Date of Award
Doctor of Philosophy
Kenneth J. Stalder
High sow removal rates pose a global problem and have a negative impact on herd productivity, producer profitability, and consumer acceptability. Worldwide, the main reasons for early culling are reproductive failure and leg/locomotion problems. Hence, this dissertation aimed to identify gilt composition and conformation traits associated with good sow lifetime performance. The specific objectives were: 1) to estimate genetic parameters for gilt growth, compositional, and structural soundness traits in commercial maternal lines, 2) to estimate genetic associations for growth, compositional, and structural soundness traits with sow longevity and lifetime reproduction, and 3) to investigate growth, compositional, and structural soundness trait effects on sow removal.
In order to address these issues, a large-scale sow longevity project was initiated at a typical U.S. commercial sow farm in October 2005. The data included 1,449 gilts; 462 females from a grandparent maternal line and 987 from a parent maternal line. Gilts were evaluated for compositional and structural soundness traits at an average body weight (BW) of 124 kg and age of 190 d. Growth was expressed as the number of days to 113.5 kg BW (DAYS) and compositional traits included loin muscle area (LMA), 10th rib backfat (BF10), and last rib backfat (LRF). Subjective structural soundness evaluation was completed using a nine-point scale and included body structure traits [length (BL), depth (BD), width (BWD), rib shape (BRS), top line (BTL), and hip structure (BHS)], leg structure traits [front legs: legs turned (FLT), buck knees (FBK), pastern posture (FPP), foot size (FFS), and uneven toes (FUT); rear legs: legs turned (RLT), leg posture (RLP), pastern posture (RPP), foot size (RFS), and uneven toes (RUT)], and overall leg action (OLA).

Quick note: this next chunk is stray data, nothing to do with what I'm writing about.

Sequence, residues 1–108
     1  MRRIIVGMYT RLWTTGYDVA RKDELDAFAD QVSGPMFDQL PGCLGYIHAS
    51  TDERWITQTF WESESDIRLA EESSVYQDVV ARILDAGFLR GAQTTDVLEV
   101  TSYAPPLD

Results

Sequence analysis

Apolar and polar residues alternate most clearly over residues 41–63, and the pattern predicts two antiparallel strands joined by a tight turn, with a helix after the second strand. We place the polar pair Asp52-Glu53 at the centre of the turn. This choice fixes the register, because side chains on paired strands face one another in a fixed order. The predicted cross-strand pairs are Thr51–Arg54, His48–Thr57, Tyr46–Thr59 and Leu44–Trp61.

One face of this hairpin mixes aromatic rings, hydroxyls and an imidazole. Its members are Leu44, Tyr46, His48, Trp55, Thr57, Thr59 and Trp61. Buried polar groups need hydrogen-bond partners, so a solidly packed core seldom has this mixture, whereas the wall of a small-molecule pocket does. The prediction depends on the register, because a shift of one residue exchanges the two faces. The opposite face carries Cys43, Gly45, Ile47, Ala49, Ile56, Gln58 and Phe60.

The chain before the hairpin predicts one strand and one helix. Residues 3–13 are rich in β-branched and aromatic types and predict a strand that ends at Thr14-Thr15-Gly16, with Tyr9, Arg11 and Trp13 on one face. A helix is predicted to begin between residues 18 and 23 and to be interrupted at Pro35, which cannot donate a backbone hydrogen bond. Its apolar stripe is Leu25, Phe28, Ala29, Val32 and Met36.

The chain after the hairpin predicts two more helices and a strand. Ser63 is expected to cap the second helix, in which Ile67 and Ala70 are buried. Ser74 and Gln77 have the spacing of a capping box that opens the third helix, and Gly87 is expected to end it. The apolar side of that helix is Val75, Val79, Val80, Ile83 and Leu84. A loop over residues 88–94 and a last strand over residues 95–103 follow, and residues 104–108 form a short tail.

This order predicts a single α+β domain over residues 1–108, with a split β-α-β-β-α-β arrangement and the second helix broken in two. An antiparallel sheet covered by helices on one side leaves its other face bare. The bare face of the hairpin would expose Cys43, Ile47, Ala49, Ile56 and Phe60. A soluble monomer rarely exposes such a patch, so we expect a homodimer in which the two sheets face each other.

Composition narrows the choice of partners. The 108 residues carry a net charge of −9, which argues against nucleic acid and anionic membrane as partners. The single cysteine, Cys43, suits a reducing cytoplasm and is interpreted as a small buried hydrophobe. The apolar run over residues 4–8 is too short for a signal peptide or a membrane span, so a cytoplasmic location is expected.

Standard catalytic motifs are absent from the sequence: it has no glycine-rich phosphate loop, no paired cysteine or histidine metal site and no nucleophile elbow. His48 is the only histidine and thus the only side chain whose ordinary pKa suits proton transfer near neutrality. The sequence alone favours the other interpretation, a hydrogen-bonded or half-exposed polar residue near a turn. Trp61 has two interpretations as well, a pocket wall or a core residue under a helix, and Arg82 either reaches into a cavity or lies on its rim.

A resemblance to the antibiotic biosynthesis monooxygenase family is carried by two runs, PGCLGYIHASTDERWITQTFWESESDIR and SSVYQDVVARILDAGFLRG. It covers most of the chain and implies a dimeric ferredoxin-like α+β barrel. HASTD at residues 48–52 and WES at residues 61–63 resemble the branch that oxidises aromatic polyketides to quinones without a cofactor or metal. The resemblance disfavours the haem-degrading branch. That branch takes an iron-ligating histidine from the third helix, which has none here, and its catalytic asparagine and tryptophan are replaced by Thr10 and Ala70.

The first study revealed greater heritability estimates (possibilities for faster genetic change) for compositional and body structure traits compared to leg soundness traits. Genetic correlations indicated that upright FPP, severe FBK, and small FFS coincide with inferior OLA. Great BL and high BTL were identified as detrimental body structure types, because they were associated with deterioration of other structural soundness traits. An unfavorable trend was observed among the correlations between DAYS, BF10, and LRF with structural soundness traits, but the estimates were mainly low to moderate. It was concluded that using information across trait groups might enhance genetic progress in leg soundness traits.
According to the second study findings, selection for fewer DAYS has an adverse effect on sow longevity and lifetime reproduction, but LMA was genetically favorably correlated with longevity traits and lifetime total number of piglets born. Great BL, flat BRS, and narrow BWD seemed detrimental to sow longevity and lifetime reproduction, whereas, correlations of leg soundness traits with longevity and lifetime reproduction were mainly low and non-significant (P > 0.05). However, RLP was moderately correlated with traits describing lifetime reproductive efficiency; upright RLP coincided with poorer efficiency.
The third study concerned phenotypic overall risk and competing risk analyses. The results indicated that younger age at first farrowing and greater number of piglets born alive increased sow survivability. Regarding growth and compositional traits, replacement gilts should at minimum have DAYS value of 167 d, LMA of 43 cm2, and BF10 of 14 mm at 113.5 kg BW. The soundness traits associated with increased culling risk included greater than intermediate BL, shallow BD, suboptimal FBK, upright FPP, uneven FUT, and severely impaired OLA. Additionally, upright RLP and weak RPP tended to increase culling risk. It is recommended that commercial herds screen replacement gilts for the abovementioned traits.
Marja Tellervo Nikkilae
Nikkilae, Marja Tellervo, "Gilt growth, compositional, and structural soundness associations with sow productive lifetime" (2013). Graduate Theses and Dissertations. 13598.